I hate to throw out a perfectly good dead mouse. It just seems like an anti-climactic payoff for the money I spend on traps and cheese. I'm glad to hear the people of London agree. According to Firebox, mouse taxidermy is the fastest growing trend across the pond. In fact, British demand to retain deceased rodents for display and companionship is so high that professional skin stuffers can't keep up. So Firebox, with its industrious finger ever on the pulse of consumer need, has created this Mouse Taxidermy Kit. Now anyone* can learn to drain, de-gut, reshape, and mount his or her favorite vermin for a fraction of the cost and from the comfort of home.
Less the mouse itself, Mouse Taxidermy Kits include all of the tools and ingredients necessary to take a critter from rigor mortis to sitting at a miniature table for miniature poker night, holding a miniature full house for eternity. In her Mouse: Taxidermy Workshop Manual, taxidermist Margot Magpie teaches traditional techniques dating back to Victorian times, and conveys them in 70 easily-followed, illustrated steps. Photographs of the author at work are also included. Note: If you cannot stomach the two-dimensional, odorless photos of the author at work, you are probably not a good candidate for learning the art of taxidermy.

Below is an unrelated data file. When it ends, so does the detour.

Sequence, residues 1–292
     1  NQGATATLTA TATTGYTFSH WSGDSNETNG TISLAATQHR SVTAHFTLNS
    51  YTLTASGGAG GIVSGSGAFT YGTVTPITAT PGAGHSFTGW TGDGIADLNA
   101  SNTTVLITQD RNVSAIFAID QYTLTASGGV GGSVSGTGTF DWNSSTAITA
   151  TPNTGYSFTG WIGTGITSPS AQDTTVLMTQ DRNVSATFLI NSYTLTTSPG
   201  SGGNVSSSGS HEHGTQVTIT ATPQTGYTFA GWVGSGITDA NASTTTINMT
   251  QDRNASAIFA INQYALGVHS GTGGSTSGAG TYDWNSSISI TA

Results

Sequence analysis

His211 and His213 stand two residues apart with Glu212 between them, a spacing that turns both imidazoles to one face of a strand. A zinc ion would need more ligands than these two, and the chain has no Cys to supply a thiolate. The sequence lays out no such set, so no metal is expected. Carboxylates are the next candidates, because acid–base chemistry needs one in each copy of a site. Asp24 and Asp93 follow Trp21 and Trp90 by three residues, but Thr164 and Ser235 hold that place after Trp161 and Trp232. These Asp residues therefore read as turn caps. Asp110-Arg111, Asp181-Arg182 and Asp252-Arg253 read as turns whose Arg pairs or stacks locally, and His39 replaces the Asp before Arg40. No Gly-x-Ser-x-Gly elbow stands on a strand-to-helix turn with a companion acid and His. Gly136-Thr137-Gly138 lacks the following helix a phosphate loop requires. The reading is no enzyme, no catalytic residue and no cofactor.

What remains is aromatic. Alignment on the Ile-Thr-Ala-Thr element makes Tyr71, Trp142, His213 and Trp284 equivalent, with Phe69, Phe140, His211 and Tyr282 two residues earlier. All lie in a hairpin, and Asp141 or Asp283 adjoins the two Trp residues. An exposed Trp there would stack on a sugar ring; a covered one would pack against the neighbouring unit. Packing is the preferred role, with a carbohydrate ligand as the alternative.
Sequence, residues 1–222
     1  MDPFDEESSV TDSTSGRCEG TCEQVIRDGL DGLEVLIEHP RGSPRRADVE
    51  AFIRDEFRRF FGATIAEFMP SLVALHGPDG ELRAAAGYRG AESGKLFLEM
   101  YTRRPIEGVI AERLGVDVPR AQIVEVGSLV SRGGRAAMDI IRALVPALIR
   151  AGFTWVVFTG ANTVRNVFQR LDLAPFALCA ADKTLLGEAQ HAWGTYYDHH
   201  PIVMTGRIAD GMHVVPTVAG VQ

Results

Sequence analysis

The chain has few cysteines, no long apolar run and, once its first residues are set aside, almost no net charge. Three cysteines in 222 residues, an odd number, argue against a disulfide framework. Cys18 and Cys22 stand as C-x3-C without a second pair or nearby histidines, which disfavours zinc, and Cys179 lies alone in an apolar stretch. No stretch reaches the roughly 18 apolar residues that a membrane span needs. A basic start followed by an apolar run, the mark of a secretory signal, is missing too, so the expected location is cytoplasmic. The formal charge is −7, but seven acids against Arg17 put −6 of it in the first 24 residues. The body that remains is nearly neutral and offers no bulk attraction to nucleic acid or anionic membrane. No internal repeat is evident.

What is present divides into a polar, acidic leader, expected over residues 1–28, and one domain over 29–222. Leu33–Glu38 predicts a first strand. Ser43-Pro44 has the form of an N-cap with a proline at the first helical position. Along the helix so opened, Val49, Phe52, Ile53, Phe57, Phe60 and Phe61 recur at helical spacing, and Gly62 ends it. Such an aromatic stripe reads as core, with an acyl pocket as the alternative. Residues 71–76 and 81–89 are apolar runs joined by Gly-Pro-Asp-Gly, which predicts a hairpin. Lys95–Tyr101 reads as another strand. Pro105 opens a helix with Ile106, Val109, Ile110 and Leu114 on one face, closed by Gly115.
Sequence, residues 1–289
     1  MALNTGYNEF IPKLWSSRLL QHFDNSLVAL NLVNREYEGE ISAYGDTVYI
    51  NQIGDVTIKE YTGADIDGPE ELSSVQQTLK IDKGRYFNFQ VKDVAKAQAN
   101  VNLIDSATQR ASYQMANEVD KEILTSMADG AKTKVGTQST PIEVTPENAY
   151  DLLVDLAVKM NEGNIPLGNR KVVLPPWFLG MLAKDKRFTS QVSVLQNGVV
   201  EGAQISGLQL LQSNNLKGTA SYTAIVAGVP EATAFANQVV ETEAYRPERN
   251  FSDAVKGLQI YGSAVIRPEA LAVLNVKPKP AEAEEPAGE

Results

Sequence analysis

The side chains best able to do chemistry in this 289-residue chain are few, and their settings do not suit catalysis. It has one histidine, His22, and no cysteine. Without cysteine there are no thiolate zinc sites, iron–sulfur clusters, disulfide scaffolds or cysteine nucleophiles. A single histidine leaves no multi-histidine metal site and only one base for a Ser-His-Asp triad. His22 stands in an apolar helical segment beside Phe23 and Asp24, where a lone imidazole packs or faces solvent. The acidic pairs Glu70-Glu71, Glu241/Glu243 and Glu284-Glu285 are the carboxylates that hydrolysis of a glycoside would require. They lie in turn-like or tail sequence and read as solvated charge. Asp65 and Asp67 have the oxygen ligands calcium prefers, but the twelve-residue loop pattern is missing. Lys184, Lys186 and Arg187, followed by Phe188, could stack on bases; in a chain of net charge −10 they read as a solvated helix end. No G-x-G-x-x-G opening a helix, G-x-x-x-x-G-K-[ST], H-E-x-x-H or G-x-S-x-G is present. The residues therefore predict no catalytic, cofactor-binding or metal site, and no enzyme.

From start to finish, it should take eager beavers around 4 hours to stuff a mouse. Kit contents include 65 mm of Liquacure Tanning Solution, 200 grams of Borax, surgical gloves, PVA glue, cotton wool, wool string, galvanized wire, a scalpel, glass beads, linen thread, and needle nose pliers. The kit is suitable for use on all 38 species of mouse. Again, the mouse itself is not included. However, Firebox does provide an extensive list of ethical suppliers for rodent sourcing.
*Mouse Taxidermy Kits cannot be sold to anyone under the age of 18. Age verification is required at checkout.